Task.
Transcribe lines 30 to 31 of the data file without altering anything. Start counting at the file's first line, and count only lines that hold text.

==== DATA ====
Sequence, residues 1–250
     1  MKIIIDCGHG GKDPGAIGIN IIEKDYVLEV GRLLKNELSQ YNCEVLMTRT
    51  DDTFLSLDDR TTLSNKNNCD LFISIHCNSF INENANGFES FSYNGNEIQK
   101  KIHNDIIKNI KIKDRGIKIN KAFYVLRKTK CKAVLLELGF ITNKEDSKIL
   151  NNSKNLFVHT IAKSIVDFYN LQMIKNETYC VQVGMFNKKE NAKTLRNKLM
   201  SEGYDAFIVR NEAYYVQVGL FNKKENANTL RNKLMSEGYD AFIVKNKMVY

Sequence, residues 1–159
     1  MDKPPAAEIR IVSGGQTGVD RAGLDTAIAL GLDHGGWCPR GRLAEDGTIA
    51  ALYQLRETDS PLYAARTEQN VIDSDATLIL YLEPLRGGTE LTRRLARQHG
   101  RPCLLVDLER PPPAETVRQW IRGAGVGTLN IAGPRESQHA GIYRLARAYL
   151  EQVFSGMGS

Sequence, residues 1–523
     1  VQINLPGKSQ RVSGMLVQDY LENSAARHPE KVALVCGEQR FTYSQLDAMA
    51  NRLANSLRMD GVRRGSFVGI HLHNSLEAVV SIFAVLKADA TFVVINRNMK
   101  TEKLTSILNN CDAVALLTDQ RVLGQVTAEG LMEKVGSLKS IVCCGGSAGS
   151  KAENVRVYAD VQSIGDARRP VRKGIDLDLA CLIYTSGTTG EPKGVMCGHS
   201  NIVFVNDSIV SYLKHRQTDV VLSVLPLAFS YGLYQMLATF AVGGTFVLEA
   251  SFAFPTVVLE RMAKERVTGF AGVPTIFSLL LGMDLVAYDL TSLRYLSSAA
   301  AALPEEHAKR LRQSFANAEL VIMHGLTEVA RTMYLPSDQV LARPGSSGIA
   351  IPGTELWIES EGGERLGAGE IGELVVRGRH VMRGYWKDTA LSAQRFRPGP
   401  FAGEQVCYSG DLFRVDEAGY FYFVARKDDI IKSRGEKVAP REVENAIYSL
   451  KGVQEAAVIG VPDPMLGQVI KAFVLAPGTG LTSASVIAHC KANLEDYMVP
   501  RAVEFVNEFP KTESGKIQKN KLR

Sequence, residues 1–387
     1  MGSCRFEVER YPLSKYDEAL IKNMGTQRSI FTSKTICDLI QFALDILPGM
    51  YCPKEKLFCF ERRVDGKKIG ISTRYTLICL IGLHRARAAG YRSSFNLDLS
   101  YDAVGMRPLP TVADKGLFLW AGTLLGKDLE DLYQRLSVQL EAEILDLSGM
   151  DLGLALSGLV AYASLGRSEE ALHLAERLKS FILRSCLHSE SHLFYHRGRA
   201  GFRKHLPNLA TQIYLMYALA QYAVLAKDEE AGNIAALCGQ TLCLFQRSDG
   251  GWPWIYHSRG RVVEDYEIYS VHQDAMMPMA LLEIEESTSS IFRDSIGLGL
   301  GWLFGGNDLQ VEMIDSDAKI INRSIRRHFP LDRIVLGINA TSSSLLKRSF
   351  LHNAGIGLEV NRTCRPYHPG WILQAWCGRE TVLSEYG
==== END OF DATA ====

   251  GWPWIYHSRG RVVEDYEIYS VHQDAMMPMA LLEIEESTSS IFRDSIGLGL
   301  GWLFGGNDLQ VEMIDSDAKI INRSIRRHFP LDRIVLGINA TSSSLLKRSF